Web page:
Augmented Reality and wearable headset computer monitors—sounds like a tech marriage made in electronic heaven. Until now, it's often seemed like a clunky hardware-limited idea though. Then NTT DoCoMo arrived.
NTT, in case you haven't heard of it, is a Japanese cell phone operator (the nation's leading one) so it'll be no surprise to hear that the clever AR system it's just unveiled at the Ceatec convention is powered by a Japanese smartphone. The cleverest bit of the tech—the glasses—aren't NTT-invented, however. They were produced in collaboration with Olympus who, as a long-time maker of cameras and other optical instruments, know quite a bit about using tech to form images.
Olympus had revealed an AR headset back in 2008, but weighing in at 91g it easily swamped and interfered with normal eyeglasses—and would've been trying to wear for any extended period. The new AR headset is designed for exactly that timescale, so Olympus has worked to shrink both size and mass of the display unit down to about 20g. The new device uses super-small electronics and optical light guides to get the visual picture from the display into your eyeball—appearing as a small image overlayed on the lower half of the user's right-eye visual field. And it may actually be the first useable wearable headset monitor that looks half decent, without any similarity to Star Trek's Geordi La Forge.
What's it for though? It's actually a little slice of the future, available to try out right now. Augmented reality systems, like the popular Layar app, typically use a smartphone's camera and screen to display "augmented" information about the world as seen through the lens on the smartphone's display. The tech is growing fast, and you may have encountered it as a tourist, where city guides and helpers for city metro systems make excellent use of the idea.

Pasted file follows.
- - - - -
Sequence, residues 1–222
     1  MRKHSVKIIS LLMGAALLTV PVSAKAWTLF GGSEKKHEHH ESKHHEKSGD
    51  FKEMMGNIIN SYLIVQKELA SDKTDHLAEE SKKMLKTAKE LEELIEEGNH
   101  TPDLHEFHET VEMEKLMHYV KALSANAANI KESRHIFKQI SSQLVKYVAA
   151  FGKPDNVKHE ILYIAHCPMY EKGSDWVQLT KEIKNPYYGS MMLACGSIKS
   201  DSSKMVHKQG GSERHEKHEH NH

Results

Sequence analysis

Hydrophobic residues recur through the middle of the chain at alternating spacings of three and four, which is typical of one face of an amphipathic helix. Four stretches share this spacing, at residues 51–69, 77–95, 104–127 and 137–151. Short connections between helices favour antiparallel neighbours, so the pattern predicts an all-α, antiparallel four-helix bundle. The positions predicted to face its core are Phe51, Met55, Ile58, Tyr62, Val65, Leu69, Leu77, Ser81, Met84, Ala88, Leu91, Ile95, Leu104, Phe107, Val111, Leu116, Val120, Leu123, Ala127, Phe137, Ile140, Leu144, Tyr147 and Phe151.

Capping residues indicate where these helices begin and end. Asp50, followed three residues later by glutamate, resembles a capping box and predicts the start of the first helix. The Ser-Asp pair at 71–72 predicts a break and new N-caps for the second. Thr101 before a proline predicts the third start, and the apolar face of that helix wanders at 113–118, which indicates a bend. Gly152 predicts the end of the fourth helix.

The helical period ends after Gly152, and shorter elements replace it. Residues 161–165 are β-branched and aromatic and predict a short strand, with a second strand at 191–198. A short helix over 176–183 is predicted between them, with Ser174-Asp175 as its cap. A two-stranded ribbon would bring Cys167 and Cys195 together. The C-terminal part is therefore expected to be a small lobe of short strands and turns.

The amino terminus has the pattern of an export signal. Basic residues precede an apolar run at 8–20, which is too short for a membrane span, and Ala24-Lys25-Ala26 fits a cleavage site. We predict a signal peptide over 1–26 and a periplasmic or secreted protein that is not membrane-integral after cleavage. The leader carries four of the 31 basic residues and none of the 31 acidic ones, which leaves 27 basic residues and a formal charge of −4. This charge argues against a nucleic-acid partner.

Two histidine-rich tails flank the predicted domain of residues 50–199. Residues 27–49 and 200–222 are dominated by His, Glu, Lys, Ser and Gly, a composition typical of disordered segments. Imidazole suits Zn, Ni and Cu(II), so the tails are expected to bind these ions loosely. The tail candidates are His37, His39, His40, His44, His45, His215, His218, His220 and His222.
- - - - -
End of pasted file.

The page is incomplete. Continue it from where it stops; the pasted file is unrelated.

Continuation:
NTT's system uses an HT-01A handset, sure, but the display is actually projected into your vision, and the headset is packed with sensors to tell the unit which way you're looking. As a result, when you glance upwards at the sky it's all detected and the display shows you a brief weather report. At Ceatec NTT was demonstrating a Kyoto city guide that could help navigate you around without requiring you to glance down at a handset (or hold one out in front of you, in a tempting-for-thieves kinda way).
It's impressive, and leaves us with just two questions: First, when will NTT/Olympus turn this prototype into something really on sale? (Interim answer: They're "discussing it".) And second, now we're all just getting used to seeing folks muttering into their hands-free units, how quickly will we get used to seeing people walking around goggled-into the Net?
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